« AnteriorContinuar »
BELONGING TO THE
CHARLESTON LIBRARY SOCIETY
PUBLISHED BY ORDER OF THE SOCIETY.
PRINTED BY A. E. MILLER.
No. 4 Broad-street.
THE CHARLESTON LIBRARY SOCIETY owes its origin to seventeen
young gentlemen who in the year 1748, associated for the purpose of raising a small fund to "collect such new pamphlets" and magazines as should occasionally be published in Great Britain. They advanced and remitted to London ten pounds sterling as a fund to purchase such pamphlets as had appeared during the current year, acting at first under a mere verbal agreement and without a name. Before the close of the year their views became more extensive, and on the 28th December, rules for the organization of the Society were ratified and signed, when they assumed the name of a Library Society, and made arrangements for the acquisition of Books as well as of pamphlets.
Officers were first elected on the 1st April, 1749, and a few members were added during the spring and summer of that year. But as soon as the benefits of such an association were distinctly understood, the Society became popular, and before the close of the year 1750 numbered more than 160 members.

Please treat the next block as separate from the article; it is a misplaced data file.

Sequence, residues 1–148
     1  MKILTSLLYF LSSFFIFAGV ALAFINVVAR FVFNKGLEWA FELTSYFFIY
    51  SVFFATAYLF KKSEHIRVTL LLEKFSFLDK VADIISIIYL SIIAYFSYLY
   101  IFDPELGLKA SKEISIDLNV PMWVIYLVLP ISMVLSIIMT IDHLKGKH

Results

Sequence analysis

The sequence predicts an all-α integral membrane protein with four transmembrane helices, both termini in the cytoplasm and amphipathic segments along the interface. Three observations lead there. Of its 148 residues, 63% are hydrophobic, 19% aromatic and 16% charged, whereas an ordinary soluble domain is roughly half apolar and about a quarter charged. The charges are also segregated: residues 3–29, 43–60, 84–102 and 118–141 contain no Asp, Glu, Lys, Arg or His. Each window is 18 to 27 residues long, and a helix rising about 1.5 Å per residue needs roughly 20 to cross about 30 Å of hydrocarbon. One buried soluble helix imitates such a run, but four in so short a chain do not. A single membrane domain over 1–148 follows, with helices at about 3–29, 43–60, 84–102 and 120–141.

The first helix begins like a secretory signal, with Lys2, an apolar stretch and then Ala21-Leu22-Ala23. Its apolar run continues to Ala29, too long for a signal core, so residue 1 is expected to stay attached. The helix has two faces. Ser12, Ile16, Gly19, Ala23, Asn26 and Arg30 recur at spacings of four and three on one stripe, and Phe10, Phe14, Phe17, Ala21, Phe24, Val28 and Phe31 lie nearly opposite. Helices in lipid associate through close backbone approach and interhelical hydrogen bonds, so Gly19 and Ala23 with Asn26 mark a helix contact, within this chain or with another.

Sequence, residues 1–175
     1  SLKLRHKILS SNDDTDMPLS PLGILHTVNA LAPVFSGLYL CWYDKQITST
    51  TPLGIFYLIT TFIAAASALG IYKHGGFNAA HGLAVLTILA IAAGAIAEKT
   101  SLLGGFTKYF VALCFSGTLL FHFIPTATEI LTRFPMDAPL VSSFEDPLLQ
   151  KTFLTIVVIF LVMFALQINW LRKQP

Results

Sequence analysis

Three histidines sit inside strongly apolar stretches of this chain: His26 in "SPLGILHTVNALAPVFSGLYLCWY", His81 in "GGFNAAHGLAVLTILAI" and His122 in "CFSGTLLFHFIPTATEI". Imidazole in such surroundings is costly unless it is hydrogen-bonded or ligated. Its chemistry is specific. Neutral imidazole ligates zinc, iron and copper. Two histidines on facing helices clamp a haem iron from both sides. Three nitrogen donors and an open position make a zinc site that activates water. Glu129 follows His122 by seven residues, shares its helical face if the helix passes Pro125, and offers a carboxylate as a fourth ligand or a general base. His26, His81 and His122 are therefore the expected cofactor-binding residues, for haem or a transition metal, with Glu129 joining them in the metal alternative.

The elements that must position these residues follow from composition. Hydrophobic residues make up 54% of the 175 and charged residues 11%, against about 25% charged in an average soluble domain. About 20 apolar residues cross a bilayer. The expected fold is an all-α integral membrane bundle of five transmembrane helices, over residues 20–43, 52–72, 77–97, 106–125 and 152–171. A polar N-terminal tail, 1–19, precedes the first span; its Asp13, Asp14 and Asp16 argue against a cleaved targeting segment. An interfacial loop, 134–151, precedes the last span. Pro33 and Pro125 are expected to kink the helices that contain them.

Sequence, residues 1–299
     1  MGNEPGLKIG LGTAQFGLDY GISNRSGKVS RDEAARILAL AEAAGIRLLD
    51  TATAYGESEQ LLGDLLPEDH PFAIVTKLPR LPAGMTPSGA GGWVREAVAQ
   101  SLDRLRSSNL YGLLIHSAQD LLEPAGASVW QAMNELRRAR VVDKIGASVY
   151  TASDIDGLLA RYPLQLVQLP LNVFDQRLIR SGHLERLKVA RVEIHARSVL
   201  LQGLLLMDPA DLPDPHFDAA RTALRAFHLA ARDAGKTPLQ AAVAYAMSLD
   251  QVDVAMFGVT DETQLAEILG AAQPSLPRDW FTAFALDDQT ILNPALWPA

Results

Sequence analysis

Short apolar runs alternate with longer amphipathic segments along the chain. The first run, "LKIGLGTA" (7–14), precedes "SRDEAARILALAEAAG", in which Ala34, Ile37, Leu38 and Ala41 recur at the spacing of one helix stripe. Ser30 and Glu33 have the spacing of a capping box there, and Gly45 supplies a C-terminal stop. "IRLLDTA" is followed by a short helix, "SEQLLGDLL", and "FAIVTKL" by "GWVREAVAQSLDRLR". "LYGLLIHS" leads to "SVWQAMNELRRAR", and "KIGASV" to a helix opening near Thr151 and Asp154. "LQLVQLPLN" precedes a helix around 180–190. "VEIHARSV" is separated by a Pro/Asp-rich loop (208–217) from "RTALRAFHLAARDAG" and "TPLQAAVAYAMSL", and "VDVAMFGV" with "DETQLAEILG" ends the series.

Efforts were made at an early period to obtain an act of incoporation. In the spring of 1651, through the influence of some of its members, a bill for incorporating the Society was passed through both Houses of Assembly, but was defeated by the Governor, who refused his assent and signature. In the spring of 1752, another bill was passed through the Legislature, which shared the same fate; and in 1753 the agent of the Colony in London was requested to make every exertion in his power to obtain from the Privy Council in Great Britain a charter for the Society, or instructions to the Governor to ratify the act which both Houses of the Colonial Assembly had passed. Upon an application to the Board of Trade by the agent and some gentlemen who interested themselves on behalf of the Society, they were informed that the measure was not considered as contrary to his Majesty's instructions, but that it was unprecedented to ratify in England a Bill to which the Governor of a Province had refused his assent.